A study conducted by the US Environmental Protection Agency found that open fire smoke, especially from burning rubbish, contains 350-times more cancer-causing substances than cigarette smoke.
And, as a US Peace Corps volunteer who has been serving in Macuata for more than a year now, one of the things that worries me is the burning of rubbish.
Is it habitual, lack of awareness, carelessness or just an impulsive action?
Whatever it is, burning at all levels must come to a stop!
Its short-term impact is affecting the ecosystems in vulnerable communities while its long-term effect is a national health concern.
Almost every day we see and smell the smoke from a burning pile of rubbish, which is a common practice in most parts of Fiji, whether you're in Suva or in the rural parts of the Northern Division.
But, what most of us don't realise is that this smoke can be deadly to our health.
Open burning of rubbish is banned in most developed countries but after watching this occur in Fiji, I was prompted to research the topic in detail.
The resulting document, Are We Burning Our Rubbish or Ourselves?, discusses the toxic (poisonous) effects from burning rubbish and details the diseases that can occur as a result of breathing the smoke from these open fires.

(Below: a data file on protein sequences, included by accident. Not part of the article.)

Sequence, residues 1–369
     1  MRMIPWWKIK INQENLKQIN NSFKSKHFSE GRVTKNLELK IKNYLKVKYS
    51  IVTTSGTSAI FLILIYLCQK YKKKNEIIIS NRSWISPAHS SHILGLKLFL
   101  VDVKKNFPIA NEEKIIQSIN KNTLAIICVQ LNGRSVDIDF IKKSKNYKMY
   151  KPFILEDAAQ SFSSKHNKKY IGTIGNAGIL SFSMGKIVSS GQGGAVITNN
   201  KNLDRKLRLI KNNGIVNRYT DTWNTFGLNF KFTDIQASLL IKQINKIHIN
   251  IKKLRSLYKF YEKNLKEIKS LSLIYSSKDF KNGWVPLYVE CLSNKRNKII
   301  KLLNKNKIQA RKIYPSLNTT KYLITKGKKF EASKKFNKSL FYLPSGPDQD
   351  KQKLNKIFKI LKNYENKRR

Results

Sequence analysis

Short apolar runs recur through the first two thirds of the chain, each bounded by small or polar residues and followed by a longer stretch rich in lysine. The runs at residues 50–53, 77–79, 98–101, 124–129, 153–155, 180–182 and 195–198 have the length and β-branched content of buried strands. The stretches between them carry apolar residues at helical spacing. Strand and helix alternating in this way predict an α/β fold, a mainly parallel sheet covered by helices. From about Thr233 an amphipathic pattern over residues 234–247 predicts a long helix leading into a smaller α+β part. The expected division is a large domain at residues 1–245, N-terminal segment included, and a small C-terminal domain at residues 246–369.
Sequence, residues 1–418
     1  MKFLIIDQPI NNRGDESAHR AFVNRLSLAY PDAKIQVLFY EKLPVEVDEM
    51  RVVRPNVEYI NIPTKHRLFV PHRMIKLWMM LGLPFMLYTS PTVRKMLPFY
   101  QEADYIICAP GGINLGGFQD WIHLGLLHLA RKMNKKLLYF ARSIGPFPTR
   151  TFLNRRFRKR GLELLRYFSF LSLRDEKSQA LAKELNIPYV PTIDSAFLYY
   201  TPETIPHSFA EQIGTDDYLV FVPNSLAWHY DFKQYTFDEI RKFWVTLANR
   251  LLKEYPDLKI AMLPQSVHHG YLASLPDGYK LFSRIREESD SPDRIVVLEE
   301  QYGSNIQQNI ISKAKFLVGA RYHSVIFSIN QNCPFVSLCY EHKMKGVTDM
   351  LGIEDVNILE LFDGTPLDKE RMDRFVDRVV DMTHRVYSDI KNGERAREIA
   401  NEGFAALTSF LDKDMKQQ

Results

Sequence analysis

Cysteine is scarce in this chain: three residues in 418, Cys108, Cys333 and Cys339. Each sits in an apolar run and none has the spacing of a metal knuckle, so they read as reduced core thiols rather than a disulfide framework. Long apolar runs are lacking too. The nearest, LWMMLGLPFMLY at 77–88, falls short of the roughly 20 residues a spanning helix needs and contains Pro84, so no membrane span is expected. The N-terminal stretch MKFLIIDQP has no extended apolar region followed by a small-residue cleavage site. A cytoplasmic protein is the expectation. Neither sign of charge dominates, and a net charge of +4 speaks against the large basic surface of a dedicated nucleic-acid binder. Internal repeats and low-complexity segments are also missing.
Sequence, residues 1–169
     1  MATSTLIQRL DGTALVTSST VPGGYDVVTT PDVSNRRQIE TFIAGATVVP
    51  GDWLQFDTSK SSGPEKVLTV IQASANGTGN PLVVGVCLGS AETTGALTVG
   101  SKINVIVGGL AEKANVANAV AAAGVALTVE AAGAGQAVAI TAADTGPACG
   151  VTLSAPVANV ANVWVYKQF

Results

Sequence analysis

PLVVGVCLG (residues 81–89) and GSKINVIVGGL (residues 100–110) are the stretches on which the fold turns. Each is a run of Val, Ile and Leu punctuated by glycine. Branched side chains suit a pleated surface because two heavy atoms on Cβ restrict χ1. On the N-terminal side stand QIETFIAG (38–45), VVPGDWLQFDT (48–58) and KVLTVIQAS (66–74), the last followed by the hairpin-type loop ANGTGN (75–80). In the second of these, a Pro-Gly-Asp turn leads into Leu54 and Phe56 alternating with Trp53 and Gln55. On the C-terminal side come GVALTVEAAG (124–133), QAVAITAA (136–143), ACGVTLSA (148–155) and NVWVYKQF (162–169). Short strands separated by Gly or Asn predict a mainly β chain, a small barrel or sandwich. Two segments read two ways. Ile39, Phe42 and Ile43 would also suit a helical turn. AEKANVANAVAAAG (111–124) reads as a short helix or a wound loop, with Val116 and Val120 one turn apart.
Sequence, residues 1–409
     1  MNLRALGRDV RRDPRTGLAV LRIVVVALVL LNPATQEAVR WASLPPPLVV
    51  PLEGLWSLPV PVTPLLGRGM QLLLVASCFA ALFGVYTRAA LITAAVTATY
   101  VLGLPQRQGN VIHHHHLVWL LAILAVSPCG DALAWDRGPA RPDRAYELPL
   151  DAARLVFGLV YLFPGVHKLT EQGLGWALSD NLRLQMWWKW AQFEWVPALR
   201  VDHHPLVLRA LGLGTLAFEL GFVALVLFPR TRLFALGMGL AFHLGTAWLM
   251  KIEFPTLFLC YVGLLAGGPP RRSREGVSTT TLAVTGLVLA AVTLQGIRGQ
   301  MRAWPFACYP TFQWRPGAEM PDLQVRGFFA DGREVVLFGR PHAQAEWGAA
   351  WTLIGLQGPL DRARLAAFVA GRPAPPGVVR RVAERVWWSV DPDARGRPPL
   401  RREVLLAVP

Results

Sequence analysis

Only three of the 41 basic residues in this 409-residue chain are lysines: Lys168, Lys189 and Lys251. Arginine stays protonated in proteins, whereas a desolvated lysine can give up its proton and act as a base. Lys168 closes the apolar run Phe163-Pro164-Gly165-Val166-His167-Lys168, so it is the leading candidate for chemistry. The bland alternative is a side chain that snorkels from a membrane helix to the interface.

Burning plastics are the most problematic, the most dangerous being Poly-Vinyl Chloride, commonly known as PVC.
When burnt, PVC releases toxins that are linked to diseases such as cancer.
The toxic smoke from open fires come from burning plastics, treated wood, white paperboard, slick or bleached papers, foam mattresses and furniture foam.
Even if a healthy adult does not suffer immediate effects such as headaches or nausea, the damage can be more serious the longer you are exposed to the smoke.
The effects can include damage to your lungs, nervous system, kidneys, and liver.
Chronic diseases such as bronchitis, emphysema and cancer, which can take many years to develop, can be caused by exposure to smoke and toxins.
Children can be at much greater risk. Because of their body size, they inhale more air per pound of body mass than do adults, and can absorb a proportionately larger "dose" of toxins.
Children's bodies are more susceptible to damage from the heavy metals found in the smoke of rubbish fires because their nervous systems are not fully developed. Poly-Vinyl Chloride, or PVC, is a commonly used plastic for vinyl flooring (sometimes called carpeting or lyno), drain pipes, guttering, shampoo bottles, packaging, and thousands of other products.
Burning PVC and related plastics produce carbon monoxide, dioxins and chlorinated furans which are two of the most toxic products known because the dose that can cause disease is lower than that for any other man-made chemical.
These are linked to cancer and birth defects.
The health risks associated with burning rubbish come not only from inhalation of the pollutants released into the air but from the consumption of contaminated food when these toxic particles are deposited in water, soil, crops and farms.
As dioxins from open fire smoke drifts away to eventually settle on nearby fields, it can be eaten by cows and other animals where it is concentrated in their fat.